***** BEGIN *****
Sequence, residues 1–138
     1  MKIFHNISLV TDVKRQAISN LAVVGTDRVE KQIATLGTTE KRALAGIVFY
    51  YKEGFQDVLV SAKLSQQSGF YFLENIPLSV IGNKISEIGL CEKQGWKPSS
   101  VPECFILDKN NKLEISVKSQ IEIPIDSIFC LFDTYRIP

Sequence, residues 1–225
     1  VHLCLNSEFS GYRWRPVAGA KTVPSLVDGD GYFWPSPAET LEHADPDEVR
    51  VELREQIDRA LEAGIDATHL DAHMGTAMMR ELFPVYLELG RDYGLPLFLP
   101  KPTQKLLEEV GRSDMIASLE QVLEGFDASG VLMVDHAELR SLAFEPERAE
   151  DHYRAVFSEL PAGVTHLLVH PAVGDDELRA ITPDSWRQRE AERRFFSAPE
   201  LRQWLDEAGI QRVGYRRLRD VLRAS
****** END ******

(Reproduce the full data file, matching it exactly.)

Sequence, residues 1–138
     1  MKIFHNISLV TDVKRQAISN LAVVGTDRVE KQIATLGTTE KRALAGIVFY
    51  YKEGFQDVLV SAKLSQQSGF YFLENIPLSV IGNKISEIGL CEKQGWKPSS
   101  VPECFILDKN NKLEISVKSQ IEIPIDSIFC LFDTYRIP

Sequence, residues 1–225
     1  VHLCLNSEFS GYRWRPVAGA KTVPSLVDGD GYFWPSPAET LEHADPDEVR
    51  VELREQIDRA LEAGIDATHL DAHMGTAMMR ELFPVYLELG RDYGLPLFLP
   101  KPTQKLLEEV GRSDMIASLE QVLEGFDASG VLMVDHAELR SLAFEPERAE
   151  DHYRAVFSEL PAGVTHLLVH PAVGDDELRA ITPDSWRQRE AERRFFSAPE
   201  LRQWLDEAGI QRVGYRRLRD VLRAS